Hait or BUST!!!!

It is now one month and 2 days before I leave for Haiti by way of Kansas City then Florida. Signs say I will be taking a PRIVATE plane from Florida into Haiti itself… more on that later. I have MANY things complete for this journey, and many things still to do. Who knew I’d have to work for 3 months to go somewhere for 2 weeks!? [I’ll also admit to being nearly giddy with excitement as my very own PASSPORT showed up in the mail!]

The support I’ve received from our local homeschool group, my church, people I’ve NEVER EVEN MET… well, it’s been nothing less than staggering. Humbled? Why, yes, I am. I have to CONTINUALLY remind myself that they aren’t giving to “me” but to Haiti. It feels so artificial for me (Mrs. Independent) to accept offerings from people I love and care about. Let alone strangers.

In the interim I’m so happy ton ave Robin here (my new apprentice). You can read her biography on the “Our Team” page. Look for more updates to this website soon, as it’s on my list of “MUST COMPLETE BEFORE HAITI”. To come: Placenta encapsulation, independent childbirth classes coming to your town, a better way to pediatric care, and an ONLINE STORE! At last! You don’t have to wait on me to get stuff shipped to you anymore! So excited to have this very very close to completion.

I am still a few hundred dollars short of my needed funds to serve in Haiti – please consider a donation. Every tiny bit helps. Paypal to psalms66@gmail.com as a “GIFT” and I won’t be charged any fees. Blessings to you all – love and hope only the best for you all.

Stay tuned for more!

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Natural vs. Un-natural

“The intrinsic intelligence of women’s bodies can be sabotaged when they’re put into clinical settings, surrounded by strangers, and attached to machines that limit their freedom to move. They then risk falling victim to the powerful forces of fear, loneliness, doubt , and distrust, all of which increase pain. Their hopes for a normal birth disappear as quickly as the fluid in an IV bottle.” ~Peggy Vincent -The Baby Catcher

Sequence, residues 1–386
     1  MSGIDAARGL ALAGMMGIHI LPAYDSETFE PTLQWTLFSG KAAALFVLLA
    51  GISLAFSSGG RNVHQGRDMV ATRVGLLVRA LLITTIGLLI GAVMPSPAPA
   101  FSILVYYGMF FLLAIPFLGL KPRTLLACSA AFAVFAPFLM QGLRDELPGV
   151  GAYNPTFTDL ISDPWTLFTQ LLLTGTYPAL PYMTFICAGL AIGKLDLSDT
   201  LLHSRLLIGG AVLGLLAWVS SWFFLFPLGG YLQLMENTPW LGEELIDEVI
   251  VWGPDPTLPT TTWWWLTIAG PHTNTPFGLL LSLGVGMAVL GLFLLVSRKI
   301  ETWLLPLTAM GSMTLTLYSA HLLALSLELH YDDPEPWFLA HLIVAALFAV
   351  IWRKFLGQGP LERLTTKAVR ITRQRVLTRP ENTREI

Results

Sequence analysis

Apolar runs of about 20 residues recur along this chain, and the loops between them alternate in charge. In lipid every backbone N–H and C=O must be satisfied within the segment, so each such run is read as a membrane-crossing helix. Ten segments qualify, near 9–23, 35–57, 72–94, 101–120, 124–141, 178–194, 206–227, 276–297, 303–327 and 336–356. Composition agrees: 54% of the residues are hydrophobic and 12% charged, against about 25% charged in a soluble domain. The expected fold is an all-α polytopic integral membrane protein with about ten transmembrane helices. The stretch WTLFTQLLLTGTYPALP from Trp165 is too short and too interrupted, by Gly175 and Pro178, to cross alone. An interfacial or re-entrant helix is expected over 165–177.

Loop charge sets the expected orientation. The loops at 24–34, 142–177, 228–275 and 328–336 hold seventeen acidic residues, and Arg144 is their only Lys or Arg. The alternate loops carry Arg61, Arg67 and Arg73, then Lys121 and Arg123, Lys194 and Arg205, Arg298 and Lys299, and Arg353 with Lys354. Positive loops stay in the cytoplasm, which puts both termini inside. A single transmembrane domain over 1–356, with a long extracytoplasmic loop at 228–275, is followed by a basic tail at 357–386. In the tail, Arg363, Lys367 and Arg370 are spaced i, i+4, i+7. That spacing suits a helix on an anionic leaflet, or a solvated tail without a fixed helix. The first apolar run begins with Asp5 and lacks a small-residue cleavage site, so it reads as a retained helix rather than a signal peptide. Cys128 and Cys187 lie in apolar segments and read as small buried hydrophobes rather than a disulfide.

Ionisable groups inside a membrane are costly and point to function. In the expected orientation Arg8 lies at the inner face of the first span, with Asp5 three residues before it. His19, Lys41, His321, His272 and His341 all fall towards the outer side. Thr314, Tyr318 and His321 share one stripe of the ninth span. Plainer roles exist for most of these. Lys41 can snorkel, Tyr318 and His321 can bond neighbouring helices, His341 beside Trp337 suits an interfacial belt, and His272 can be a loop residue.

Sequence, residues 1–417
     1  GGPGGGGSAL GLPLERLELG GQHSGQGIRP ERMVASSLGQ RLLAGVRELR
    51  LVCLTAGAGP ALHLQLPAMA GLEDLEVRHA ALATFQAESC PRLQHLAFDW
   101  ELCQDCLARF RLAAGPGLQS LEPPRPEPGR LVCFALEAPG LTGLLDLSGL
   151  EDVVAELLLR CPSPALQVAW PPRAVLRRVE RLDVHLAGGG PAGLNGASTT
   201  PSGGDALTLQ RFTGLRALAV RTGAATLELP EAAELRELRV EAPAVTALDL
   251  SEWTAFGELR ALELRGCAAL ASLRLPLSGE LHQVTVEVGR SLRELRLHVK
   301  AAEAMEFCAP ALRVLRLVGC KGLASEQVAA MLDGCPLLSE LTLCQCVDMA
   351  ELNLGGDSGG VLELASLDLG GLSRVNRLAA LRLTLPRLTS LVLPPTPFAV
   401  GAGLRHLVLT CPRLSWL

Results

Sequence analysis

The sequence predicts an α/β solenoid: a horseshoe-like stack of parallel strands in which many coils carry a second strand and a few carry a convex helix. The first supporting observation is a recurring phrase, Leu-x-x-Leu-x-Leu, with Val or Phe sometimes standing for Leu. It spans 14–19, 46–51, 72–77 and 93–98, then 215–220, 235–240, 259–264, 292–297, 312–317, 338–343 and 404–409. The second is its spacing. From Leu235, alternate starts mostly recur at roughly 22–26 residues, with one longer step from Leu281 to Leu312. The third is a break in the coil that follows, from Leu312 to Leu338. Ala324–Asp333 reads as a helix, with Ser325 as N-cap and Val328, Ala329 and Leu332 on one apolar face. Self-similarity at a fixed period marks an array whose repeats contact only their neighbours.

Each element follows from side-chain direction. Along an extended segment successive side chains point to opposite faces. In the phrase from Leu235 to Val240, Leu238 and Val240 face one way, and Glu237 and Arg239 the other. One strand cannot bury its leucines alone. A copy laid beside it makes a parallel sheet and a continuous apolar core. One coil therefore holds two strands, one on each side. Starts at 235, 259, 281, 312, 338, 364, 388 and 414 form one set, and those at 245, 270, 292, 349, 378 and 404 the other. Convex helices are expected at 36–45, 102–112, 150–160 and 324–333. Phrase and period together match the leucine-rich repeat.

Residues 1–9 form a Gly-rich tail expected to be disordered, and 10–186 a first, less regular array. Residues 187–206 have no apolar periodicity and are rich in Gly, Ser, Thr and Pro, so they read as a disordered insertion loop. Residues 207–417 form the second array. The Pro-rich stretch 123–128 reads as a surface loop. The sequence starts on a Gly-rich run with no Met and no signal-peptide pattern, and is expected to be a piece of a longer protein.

Such truth here in this quote: birth can be “painful”. But the pain is NOT like stubbing one’s toe or breaking a leg, etc. It is a normal pain (and yes, there is such a thing). Much different than that of an injury, easier to cope with and rhythmic rather than startling and sharp. Contrast this to the normal interventions one receives in a hospital: IV “HepLock”, epidural needle, episiotomy, un-natural position for birth… etc. etc. etc.

There are very real emotional AND physical consequences of placing a woman outside of her familiar space while she is bringing forth her child.

It’s all in the packaging!

 

Modern media has proven that you can wrap up just about anything and people will like it: IF the wrapper catches your eye!

Well, wrapping your baby isn’t a marketing ploy – and the cute factor is what’s INSIDE your baby wrap! There are many reasons to wear your baby. I love this website’s list. I can’t vouch for the items they have for sale as I’ve never purchased a wrap or sling. They are too easy to just make yourself!!!

Seriously though, you don’t have to spend $50 – $100 on a good baby carrier. My favorite to-date is a lovely length of fabric I purchased from the $1/yard table! No sewing required!!!

If you are new to mothering, you simply must give wearing your baby a shot. It will quickly become your favorite accessory. ๐Ÿ™‚

Here are a few more links to get you started:
The Baby Wearer
Rebozo Way
Ask Dr. Sears

My favorite with sewing instructions:
Wear Your Baby

And if you need to “see” how to use a wrap, thank goodness for YouTube!
You Tube Wrap Videos

Like butter on a hot skillet…

some babies just slide right out. ๐Ÿ™‚ And it really has nothing to do with their size.

Ok, MOST babies slide right out. The position of the baby & the mother work synergistically to produce the optimal size/shape/orientation of the pelvic outlet: that will maximize the opening while minimizing trauma to the mama/baby duo. I just love how it works… so beautifully. When left ALONE to labor/birth, mama with instinctively move into the best position for pain relief and opening up… it’s a beautiful thing.